Skip to content or main menu

Sitemap | Member Login


Three Things You Should Know About the ESBN

Posted May 9, 2018 by LSC

Land Stewardship Centre is a partner in the Ecosystem Services and Biodiversity Network (ESBN) which is a multidisciplinary group of experts working to build the knowledge required to assist with the implementation of an ecosystem services (ES) approach in Alberta. Get to know more about who they are and what they do.

1. Who We Are

The ESBN is a multidisciplinary group of experts working to build the knowledge and capacity required to implement ecosystem services and biodiversity markets in Alberta. The Network is led by a working group whose partners include Alberta Innovates, Alberta Biodiversity Monitoring Institute, Government of Alberta (Environment and Parks), Innotech Alberta, Land Stewardship Centre, and Silvacom. Our coordinated efforts are creating a system of information sharing and collaboration across all sectors, as we work together to create ecosystem services and biodiversity markets in Alberta.

2. What We Do

The ESBN strives to advance knowledge surrounding ecosystem services and biodiversity, and the use of market-based approaches to enhance these services.

Ecosystem services are the benefits that humans receive from nature, such as water purification. Ecosystem services and biodiversity markets are markets in which the transactions take place with the goal of improving or maintaining environmental quality or minimizing environmental degradation. Through this approach, we see the costs of our actions on the environment, and the benefits of preserving it.

We have developed the knowledge and capacity to better understand ecosystem services, and how we can best manage the land to get the most value out of those services. By working together, we have the potential to bring Alberta to the forefront of economic diversification, environmental excellence and sustainable development.

3. Why our Work Matters to Albertans

We believe that ecosystem services and biodiversity markets diversify the economy, enhance environmental integrity, promote sustainable development and increase innovation and competitiveness. Well-designed and well-managed markets enable new business opportunities while providing a way to better protect and recognize the value of the ecosystem services that contribute to Alberta’s high quality of life. Markets help industry demonstrate social license to operate, while supporting growth, competitiveness and economic diversification.

To learn more about the ESBN and the great work being done across the province, visit their website and follow them on Twitter @EcoServicesAB.

Volunteer Spotlight - Meet Mike Murray

Posted May 9, 2018 by LSC

We are pleased to introduce you to Mike Murray, Chair of the Watershed Stewardship Grant (WSG) Review Committee. Mike has been a dedicated volunteer for this important program since the beginning.

Since 2006, the Watershed Stewardship Grant (WSG), made possible with funding from Alberta Environment and Parks, has provided much-needed funding to the province’s stewardship community to support their grassroots efforts. Nearly 140 stewardship groups have received more than $1,900,000 to develop and implement over 300 projects in communities across Alberta. Over the years, all of this has been made possible in part by the contributions of the Grant review committee consisting of volunteers from across Alberta.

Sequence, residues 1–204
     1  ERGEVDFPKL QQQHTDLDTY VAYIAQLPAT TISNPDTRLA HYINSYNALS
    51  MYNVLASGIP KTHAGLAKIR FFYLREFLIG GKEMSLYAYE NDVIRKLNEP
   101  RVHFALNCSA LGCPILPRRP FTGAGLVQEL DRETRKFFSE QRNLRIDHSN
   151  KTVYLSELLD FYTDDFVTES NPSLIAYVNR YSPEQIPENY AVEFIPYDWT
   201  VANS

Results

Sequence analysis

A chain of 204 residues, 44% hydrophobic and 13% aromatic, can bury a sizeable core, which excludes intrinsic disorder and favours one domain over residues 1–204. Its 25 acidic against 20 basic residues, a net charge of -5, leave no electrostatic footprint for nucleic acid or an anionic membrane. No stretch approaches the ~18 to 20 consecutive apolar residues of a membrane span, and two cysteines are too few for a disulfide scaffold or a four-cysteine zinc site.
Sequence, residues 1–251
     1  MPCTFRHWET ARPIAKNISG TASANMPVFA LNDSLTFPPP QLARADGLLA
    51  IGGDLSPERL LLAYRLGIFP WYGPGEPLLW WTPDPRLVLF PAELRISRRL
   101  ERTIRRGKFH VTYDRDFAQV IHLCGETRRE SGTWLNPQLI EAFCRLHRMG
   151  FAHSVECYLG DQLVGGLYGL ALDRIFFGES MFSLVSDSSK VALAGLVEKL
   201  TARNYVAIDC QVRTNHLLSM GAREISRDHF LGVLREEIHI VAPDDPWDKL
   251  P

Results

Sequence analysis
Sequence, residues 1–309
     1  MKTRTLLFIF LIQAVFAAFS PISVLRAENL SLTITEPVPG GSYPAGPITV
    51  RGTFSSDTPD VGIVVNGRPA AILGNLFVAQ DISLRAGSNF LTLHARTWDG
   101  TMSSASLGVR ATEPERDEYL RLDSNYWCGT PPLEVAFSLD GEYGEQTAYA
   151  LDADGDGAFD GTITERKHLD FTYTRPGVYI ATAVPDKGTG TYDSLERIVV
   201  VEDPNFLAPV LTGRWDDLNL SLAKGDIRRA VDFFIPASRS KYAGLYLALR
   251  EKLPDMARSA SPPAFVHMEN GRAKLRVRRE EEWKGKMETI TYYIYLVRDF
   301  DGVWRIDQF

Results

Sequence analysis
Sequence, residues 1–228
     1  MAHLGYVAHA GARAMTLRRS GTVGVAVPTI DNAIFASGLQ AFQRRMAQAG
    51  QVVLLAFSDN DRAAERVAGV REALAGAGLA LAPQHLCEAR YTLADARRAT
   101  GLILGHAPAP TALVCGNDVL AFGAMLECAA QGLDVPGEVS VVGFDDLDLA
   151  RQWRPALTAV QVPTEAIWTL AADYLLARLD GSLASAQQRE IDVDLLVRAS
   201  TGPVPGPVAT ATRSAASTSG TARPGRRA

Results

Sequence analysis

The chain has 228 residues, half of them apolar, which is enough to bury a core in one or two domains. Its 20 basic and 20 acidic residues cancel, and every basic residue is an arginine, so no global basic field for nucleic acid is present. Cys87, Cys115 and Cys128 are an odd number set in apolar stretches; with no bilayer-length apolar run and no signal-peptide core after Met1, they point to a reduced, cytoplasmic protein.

Mike Murray, Chair of the Watershed Stewardship Grant (WSG) Review Committee, has been a dedicated volunteer for this important program since the beginning. Mike, who is also Program Manager with the Bow River Basin Council (BRBC), has long recognized the value and importance of the Watershed Stewardship Grant (WSG).

“The BRBC is a designated WPAC in the Alberta Government’s Water for Life Strategy and has always been a strong supporter of stewardship groups,” Mike says. “We recognized right from the beginning that the need for local on the ground organizations is critical and cannot be easily replaced or recreated, and the funding these groups receive through the WSG is critical.”

Mike explains that without the grant many community-based projects would simply not get done and this would leave a large gap in watershed management in Alberta. While stewardship groups are able to pull together local residents and stakeholders to implement on the ground, area-specific projects that benefit us all, funding to support these projects is sparse and intermittent. Stable funding sources, like the WSG, support projects in local communities, remove barriers and allow groups to concentrate on the work for which they exist.

Mike’s reasons for committing his volunteer time to the WSG program are varied. “The people on the committee are great to work with,” Mike shares. “We have a common goal of supporting stewardship activities that we know are important in protecting our precious water resources.”

Having participated on the WSG Review Committee for over 12 years, Mike is a valued and much appreciated volunteer. “These small, community groups bring invaluable knowledge, expertise and passion to their projects and all they need to grow and succeed is a little funding,” Mike says. “I’m proud to be a part of something like the WSG that enables them to be successful.”

« Previous | 1 2 3 4 5 6 7 8 9 10 11 12 13 14 15 16 17 18 19 20 21 22 23 24 25 26 27 28 29 30 31 32 33 34 35 36 37 38 39 40 41 42 43 44 45 46 47 48 49 50 51 52 53 54 55 56 57 58 59 60 61 62 63 64 65 66 67 68 69 70 71 72 73 74 75 76 77 78 79 80 81 82 83 84 85 86 87 88 89 90 91 92 93 94 95 96 97 98 99 100 101 102 103 104 105 106 107 108 109 | Next »